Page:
There were handouts in the front of the room that included one packet of powerpoint slides (for that day’s class) and also a two-page recording sheet for the operations game that they were supposed to play later that day. The professor would soon explain that the students were going to learn the rules of the game and engage in a trial run during class. Later on in the evening, the students were supposed to gather in their individual games and actually “play” the game in a reserved classroom. The game was supposed to elucidate the communication and logistical problems of a supply chain. It did this by having four students represent the different types of suppliers in the beer industry. Students were to play the role of beer retailer, beer warehouse, beer manufacturer, and something else that I forget. They were supposed to give orders to each other and try to maximize profit despite the mandatory time lags from communication and resultant penalties from over or under-produced supply. It definitely seemed like a fun, interactive way to learn about supply management.

Before the class started, two students made announcements to the class about a fundraiser that one of the Clusters was advocating. Apparently the men in the clusters were growing mustaches and collecting donations based on the amount of mustache grown (similar to any charity race except it is the person’s facial hair that is racing in this case). It was pretty funny since one of the guys had a full mustache and beard whereas the other student had almost nothing (like me!). One of the last people to walk into the class actually came to the back row and sat in the empty seat to my right. We both introduced ourselves to each other immediately. It appears that everyone knows each other in the classes (or core classes at least) due to the cluster system so everyone was really friendly about learning everyone else’s name at the least. Or maybe these b-school student all knew the value of networking. Whatever the case, everyone I met today was pretty good at greeting me or being greeted by me at the very least. His name was Tony.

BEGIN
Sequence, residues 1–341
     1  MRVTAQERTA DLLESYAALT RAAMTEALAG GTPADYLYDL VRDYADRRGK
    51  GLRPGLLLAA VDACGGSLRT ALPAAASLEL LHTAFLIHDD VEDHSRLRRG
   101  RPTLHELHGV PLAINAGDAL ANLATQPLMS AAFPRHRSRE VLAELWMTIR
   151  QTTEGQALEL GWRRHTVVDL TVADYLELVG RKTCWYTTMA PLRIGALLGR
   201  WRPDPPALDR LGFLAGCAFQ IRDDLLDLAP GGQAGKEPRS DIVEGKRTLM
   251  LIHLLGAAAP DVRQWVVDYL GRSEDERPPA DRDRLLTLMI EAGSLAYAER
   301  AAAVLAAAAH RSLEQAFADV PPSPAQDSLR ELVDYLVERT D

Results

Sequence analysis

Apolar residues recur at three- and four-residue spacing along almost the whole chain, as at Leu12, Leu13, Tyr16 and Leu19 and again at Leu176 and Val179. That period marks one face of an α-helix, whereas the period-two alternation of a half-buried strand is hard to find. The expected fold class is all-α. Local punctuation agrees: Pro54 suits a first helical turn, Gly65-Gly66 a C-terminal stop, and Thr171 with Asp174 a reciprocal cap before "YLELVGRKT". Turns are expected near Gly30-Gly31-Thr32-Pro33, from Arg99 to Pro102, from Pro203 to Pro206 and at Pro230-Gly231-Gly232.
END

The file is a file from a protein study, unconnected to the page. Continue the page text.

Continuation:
The professor finally started class (probably a couple minutes late) and everyone quieted down. He explained the rules and then asked for questions. One student sitting diagonally in front of me posed quite a clever question: “If there are only penalties from mismanaged inventory and no actual revenue from the sales, then wouldn’t profit be maximized by refusing to participate in the game?” This was really a great question and half the class chuckled. Professor Weintraub also smiled and clearly enjoyed the student’s ingenious query. He responded that we were to assume that all participants earned the same revenue and would have the same sales- we were simply interested in minimizing the inefficiencies resulting from communication delays. The professor admitted this was perhaps a bad assumption to make but that it would have to be utilized for this game. The student who asked this question got a pat on the back from someone on his left. The guys who were sitting directly to my left (the guys who I had met a few minutes ago) made some teasing comment to him as well. Apparently they were all friends. It was at this moment that I realized they all had accents, definitely European and Eastern European. The professor asked if everybody would be able to “play” the game that evening. He had even gone out of his way to order beer and pizza for everyone. What a fun learning environment! One of the girls (a cute one too) asked what kind of beer and everyone laughed. The professor responded that he didn’t know but there would be a variety. A few students (maybe 3 or 4) did indicate that they wouldn’t be able to participate in the game and the professor told them to show up to the next class section so that they could arrange a mutual playing time with those students from the other section that were in the same situation. At this point, he told everyone to take out their laptops and get into their groups so they could do a demo run of the game (as it was on an excel sheet).